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Practices & Industries

Revised Form I-9: The More Things Change...

Labor & Employment Alert
November 28, 2007

The United States Citizenship and Immigration Service (USCIS), a Division of the Department of Homeland Security, released a new Form I-9, Employment Eligibility Verification Form, on November 7, 2007. Employers will be required to begin using the new form on December 26, 2007 and will be subject to fines and sanctions if they use the outdated I-9 Forms.  Accordingly, it is recommended that employers immediately begin using the new I-9 forms for new hires.  

The long-awaited revision of Form I-9 has surprisingly little by way of changes to the form itself. The new I-9 looks almost exactly like the old Form I-9. Employers can distinguish the new version by its identification as “Form I-9 (Rev. 06/05/07) N” written in the lower, right-hand corner of the Form.

The changes that were made largely concern what documents employees can present to establish identity and employment eligibility. Five documents have been removed from list “A” and, thus, can no longer be used to verify identity or employment eligibility. The following are the five documents that were removed:
• Certificate of U.S. Citizenship (Form N-560 or N-561);
• Certificate of Naturalization (Form N-550 or N-570);
• Alien Registration Receipt Card (I-151);
• Unexpired Reentry Permit (Form I-327); and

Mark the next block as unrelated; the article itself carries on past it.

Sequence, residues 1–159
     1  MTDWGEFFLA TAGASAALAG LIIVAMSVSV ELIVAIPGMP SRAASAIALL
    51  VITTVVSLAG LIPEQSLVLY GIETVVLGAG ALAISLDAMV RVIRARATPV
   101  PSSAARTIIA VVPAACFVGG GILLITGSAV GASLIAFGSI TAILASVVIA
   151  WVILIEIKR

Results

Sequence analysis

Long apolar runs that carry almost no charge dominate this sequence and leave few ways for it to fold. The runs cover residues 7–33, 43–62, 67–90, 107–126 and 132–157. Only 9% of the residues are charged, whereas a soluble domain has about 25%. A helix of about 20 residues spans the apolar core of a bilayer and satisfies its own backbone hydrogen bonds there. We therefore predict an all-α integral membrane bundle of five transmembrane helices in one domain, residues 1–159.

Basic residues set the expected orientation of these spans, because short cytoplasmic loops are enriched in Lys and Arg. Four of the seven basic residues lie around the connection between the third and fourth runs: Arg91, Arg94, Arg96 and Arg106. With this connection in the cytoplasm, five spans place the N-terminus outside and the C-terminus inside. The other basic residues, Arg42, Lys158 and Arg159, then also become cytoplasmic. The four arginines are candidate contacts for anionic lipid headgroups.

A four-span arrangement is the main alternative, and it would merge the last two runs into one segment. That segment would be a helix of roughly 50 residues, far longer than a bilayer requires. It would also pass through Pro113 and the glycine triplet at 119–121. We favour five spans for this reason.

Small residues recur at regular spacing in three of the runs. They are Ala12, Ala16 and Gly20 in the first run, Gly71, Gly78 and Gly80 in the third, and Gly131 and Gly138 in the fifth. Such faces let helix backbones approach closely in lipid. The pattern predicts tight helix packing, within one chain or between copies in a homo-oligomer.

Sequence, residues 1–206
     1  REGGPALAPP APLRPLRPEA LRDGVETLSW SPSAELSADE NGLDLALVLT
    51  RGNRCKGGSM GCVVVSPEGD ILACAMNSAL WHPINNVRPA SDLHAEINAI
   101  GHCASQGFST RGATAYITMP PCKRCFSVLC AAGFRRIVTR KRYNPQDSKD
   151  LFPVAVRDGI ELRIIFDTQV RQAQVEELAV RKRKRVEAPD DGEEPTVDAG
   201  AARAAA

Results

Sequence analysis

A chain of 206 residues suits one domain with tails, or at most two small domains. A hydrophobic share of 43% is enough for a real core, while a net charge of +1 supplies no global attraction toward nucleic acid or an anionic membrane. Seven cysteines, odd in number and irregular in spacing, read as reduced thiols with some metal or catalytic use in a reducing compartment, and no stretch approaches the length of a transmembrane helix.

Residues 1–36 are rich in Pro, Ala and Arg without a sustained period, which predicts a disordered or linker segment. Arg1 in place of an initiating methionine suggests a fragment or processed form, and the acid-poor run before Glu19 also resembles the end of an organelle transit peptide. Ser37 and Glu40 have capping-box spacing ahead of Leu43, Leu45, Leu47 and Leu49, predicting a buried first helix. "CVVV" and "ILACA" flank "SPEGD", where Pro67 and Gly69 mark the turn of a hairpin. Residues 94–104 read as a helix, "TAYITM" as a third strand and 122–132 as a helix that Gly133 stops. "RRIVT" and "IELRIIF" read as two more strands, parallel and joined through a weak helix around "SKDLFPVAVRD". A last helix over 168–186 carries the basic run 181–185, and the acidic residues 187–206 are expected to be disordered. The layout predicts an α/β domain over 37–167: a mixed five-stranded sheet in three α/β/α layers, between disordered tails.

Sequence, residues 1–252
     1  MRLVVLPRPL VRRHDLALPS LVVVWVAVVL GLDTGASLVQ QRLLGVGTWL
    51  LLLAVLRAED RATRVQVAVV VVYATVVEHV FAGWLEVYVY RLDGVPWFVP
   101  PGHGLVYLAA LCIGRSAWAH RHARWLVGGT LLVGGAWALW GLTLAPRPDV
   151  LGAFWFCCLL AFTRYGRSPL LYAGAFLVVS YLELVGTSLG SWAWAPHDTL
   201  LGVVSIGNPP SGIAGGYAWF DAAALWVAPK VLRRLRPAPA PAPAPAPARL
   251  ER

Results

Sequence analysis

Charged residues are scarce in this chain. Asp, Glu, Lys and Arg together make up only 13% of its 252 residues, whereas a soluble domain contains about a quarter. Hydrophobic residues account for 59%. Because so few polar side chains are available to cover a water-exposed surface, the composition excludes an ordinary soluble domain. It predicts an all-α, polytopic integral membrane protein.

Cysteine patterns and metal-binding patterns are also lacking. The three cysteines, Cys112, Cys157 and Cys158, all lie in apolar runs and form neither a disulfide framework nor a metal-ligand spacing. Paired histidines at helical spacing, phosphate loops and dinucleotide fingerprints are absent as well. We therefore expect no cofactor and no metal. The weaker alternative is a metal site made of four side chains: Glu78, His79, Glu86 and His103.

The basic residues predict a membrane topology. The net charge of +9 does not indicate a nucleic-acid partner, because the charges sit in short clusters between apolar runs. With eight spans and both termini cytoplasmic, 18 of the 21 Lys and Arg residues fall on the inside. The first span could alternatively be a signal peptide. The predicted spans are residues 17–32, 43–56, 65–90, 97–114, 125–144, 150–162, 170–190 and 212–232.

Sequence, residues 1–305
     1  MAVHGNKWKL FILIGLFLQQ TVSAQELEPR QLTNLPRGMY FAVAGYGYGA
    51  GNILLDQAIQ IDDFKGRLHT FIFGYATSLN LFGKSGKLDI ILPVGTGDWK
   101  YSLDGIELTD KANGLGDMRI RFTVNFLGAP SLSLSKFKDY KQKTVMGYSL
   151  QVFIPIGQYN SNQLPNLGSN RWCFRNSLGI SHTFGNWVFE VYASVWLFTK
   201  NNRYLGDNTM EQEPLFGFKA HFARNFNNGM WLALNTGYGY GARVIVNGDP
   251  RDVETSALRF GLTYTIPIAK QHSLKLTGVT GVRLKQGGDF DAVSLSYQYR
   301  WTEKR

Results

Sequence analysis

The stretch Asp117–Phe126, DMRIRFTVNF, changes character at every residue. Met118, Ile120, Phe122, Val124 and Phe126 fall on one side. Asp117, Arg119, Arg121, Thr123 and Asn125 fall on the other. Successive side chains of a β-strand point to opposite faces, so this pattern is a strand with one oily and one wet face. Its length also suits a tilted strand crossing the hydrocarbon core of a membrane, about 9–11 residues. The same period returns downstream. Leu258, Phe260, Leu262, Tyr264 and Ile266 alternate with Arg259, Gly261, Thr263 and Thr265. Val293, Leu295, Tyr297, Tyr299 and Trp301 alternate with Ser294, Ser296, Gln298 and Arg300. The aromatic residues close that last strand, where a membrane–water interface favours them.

• Unexpired Refugee Travel Document (Form I-571).

In addition to these changes, the Unexpired Employment Authorization Document (Form I-766) has been added to list “A” as an acceptable document for proving identity and employment authorization. And, in a housekeeping alteration, all USCIS Employment Authorization Documents (i.e., Forms I-688, I-688A, I-688B, and the newly added I-766) with photographs in circulation are now included as one item on list “A.”

Together with the new I-9 Form, USCIS also released a revised “Handbook for Employers, Instructions for Completing the Form I-9” to assist employers with I-9 compliance. The new Handbook provides a summary of what documents can and cannot be accepted as well as a discussion of the other minor changes to the Form I-9. It also includes some needed revisions and clarifications on electronic retention of I-9 forms, the E-Verify program, unique immigration classifications, Social Security Numbers, and penalties. Employers can obtain a copy of the new Form I-9 and the revised Handbook from the USCIS Web site at,
and can also access a copy of the New Form I-9 at